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U.S. strike would aim to punish Assad, not turn tide of war

U.S. and European officials say a short, sharp attack - perhaps entirely with cruise missiles - is the preferred response to what they believe is Assad's responsibility for a chemical weapons attack on rebel-held areas last week. If such a strike goes ahead, President Barack Obama's administration will have to select its targets with extreme care as it tries to deter not only Assad but also Syria's ally Iran over its nuclear programme. "The administration has to decide what its objective is - punishment to show that there is a price and to re-establish a deterrent, or to change the balance of power in Syria," said Dennis Ross, a top White House adviser on the Middle East until late 2011. "I suspect it will be geared towards the former." NATO air strikes in 2011 helped to change the course of the Libyan civil war, allowing rebels to overthrow Muammar Gaddafi, but Obama is unlikely to opt for something similar in Syria. U.S. officials said the Pentagon has submitted a range of possible attack plans for Syria to the White House, and analysts believe the scope would be modest.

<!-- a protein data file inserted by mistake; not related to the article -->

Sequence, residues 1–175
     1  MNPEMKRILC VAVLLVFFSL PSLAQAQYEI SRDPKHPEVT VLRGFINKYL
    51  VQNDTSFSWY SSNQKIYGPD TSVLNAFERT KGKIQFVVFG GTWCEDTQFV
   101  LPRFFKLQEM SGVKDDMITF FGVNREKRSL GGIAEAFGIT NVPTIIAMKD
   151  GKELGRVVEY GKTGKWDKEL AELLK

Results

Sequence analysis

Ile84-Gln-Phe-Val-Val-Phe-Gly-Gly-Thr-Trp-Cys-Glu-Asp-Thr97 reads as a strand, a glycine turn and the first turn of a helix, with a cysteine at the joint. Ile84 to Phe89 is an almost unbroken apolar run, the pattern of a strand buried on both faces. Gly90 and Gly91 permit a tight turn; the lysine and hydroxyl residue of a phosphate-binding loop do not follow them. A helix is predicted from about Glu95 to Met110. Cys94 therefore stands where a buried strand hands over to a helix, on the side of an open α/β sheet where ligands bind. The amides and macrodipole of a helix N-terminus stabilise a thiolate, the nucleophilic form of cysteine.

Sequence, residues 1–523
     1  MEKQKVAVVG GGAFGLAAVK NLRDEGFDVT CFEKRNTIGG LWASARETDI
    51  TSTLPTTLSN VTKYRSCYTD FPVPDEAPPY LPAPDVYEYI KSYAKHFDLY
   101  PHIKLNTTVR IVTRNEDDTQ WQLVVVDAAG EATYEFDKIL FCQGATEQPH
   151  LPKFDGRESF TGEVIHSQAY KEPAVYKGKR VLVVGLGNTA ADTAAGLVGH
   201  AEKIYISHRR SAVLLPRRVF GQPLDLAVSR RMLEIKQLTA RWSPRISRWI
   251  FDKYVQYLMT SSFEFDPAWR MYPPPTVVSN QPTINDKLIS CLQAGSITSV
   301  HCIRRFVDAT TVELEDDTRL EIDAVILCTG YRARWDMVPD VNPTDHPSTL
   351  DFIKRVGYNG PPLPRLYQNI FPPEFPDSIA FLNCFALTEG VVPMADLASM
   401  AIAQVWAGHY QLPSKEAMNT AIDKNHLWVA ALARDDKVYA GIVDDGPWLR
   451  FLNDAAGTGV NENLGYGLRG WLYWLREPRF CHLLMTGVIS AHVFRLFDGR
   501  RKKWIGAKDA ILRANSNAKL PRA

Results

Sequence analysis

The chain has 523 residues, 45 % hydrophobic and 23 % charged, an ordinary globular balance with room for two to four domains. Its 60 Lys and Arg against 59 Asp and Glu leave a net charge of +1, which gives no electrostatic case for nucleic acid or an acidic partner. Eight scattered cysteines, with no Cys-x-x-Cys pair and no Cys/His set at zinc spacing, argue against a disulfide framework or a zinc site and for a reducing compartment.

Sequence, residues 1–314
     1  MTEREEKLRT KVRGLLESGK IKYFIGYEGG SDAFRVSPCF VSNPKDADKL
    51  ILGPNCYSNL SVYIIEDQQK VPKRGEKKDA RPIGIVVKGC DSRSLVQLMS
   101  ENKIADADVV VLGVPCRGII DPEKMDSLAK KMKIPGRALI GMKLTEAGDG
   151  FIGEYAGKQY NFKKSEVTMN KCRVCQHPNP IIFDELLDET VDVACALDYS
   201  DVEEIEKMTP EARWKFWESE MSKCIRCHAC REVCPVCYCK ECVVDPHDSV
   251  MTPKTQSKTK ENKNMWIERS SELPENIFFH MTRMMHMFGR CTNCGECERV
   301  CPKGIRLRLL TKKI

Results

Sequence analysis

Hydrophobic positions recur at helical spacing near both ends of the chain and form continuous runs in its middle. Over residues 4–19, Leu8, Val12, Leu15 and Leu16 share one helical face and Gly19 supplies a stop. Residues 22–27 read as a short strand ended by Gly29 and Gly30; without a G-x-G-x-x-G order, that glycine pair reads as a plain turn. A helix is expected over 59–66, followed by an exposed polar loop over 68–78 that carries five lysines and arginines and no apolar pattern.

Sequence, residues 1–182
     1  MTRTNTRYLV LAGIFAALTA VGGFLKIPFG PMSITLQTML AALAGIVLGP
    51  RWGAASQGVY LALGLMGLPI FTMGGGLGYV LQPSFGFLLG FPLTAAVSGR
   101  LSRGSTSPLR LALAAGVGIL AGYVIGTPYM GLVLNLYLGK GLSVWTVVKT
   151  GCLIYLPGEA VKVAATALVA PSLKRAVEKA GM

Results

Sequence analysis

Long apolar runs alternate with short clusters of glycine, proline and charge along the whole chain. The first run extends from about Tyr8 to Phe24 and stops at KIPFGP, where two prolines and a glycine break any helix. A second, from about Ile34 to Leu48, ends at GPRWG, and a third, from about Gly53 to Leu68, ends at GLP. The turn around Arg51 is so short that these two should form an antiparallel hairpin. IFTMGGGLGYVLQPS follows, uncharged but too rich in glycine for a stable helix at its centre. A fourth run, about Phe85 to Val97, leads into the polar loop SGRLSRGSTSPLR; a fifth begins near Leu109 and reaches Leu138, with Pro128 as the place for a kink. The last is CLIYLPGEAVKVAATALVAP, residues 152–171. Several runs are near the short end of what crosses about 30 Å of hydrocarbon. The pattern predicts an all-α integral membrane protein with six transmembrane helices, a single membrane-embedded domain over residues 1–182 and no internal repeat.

"I think it will happen but it will be minimal, just enough to show the world that we did something," said Hayat Alvi, lecturer in Middle Eastern studies at the U.S. Naval War College. "The broader goal is not to get the U.S. involved too deeply - and especially not to allow any boots on the ground."

Defense Secretary Chuck Hagel said the U.S. military is ready to act immediately should Obama order action.

The United States and its allies were strengthening their forces in the region even before hundreds of people were killed in rebel-held suburbs of Damascus last Wednesday. Syria has blamed the rebels but Washington, London and Paris say they have little doubt it was a chemical strike by Assad's forces.

Without some action soon, officials worry that Assad will feel he can resort to chemical weapons again with impunity - a year after Obama declared their use a "red line" that, if crossed, would require strong action.

Some also fear inaction in Syria could cast doubt over other U.S. "red lines", encouraging Iran to pursue a nuclear programme which Tehran says is peaceful but the United States and its allies including Israel believe aims to produce weapons.

Any failure to strike Syria could also prompt Israel to take matters into its own hands by attacking Iranian nuclear facilities, causing yet more upheaval in an already highly unstable region.

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